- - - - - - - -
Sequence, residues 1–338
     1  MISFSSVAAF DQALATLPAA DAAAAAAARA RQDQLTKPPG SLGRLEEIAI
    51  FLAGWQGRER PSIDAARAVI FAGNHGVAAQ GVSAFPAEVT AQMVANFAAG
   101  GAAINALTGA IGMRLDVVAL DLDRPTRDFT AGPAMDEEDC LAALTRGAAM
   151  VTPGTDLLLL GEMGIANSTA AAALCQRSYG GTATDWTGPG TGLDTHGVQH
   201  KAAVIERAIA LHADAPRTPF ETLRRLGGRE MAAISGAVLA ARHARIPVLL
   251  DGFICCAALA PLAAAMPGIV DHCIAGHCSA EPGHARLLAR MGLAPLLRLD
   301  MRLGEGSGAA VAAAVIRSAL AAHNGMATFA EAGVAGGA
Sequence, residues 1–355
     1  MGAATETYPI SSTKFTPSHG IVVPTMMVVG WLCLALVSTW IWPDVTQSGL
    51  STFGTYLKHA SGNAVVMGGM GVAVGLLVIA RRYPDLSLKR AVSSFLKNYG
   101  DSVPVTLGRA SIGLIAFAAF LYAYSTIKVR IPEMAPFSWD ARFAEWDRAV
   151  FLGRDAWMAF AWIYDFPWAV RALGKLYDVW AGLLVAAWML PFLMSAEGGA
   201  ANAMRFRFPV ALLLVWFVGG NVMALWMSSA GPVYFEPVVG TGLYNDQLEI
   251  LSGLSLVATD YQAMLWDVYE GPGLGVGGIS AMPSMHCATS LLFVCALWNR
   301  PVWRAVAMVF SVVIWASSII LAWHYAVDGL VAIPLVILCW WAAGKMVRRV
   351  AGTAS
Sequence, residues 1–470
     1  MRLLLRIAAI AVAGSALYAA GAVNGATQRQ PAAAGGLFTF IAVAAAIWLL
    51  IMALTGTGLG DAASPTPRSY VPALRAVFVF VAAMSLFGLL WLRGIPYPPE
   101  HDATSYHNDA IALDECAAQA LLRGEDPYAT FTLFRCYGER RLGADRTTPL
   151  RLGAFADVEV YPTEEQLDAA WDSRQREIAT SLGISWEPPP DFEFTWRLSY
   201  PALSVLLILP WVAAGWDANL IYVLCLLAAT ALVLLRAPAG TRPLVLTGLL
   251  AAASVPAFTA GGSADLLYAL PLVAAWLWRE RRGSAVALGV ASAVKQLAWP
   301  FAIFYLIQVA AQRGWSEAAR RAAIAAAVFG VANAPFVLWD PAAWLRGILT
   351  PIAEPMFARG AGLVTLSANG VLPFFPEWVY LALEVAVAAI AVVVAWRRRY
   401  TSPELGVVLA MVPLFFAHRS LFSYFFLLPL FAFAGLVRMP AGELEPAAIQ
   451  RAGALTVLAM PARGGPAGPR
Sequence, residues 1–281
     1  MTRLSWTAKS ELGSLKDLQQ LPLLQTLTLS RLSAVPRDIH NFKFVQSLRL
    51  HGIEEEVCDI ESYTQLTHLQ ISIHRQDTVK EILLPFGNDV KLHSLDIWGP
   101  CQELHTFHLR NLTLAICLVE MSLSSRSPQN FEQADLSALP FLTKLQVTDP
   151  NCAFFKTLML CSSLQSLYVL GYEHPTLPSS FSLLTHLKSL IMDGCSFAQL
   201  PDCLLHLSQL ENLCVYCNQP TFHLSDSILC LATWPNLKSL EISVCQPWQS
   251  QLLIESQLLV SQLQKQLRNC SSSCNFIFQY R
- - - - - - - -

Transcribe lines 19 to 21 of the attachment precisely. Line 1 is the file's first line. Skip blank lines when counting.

     1  MRLLLRIAAI AVAGSALYAA GAVNGATQRQ PAAAGGLFTF IAVAAAIWLL
    51  IMALTGTGLG DAASPTPRSY VPALRAVFVF VAAMSLFGLL WLRGIPYPPE
   101  HDATSYHNDA IALDECAAQA LLRGEDPYAT FTLFRCYGER RLGADRTTPL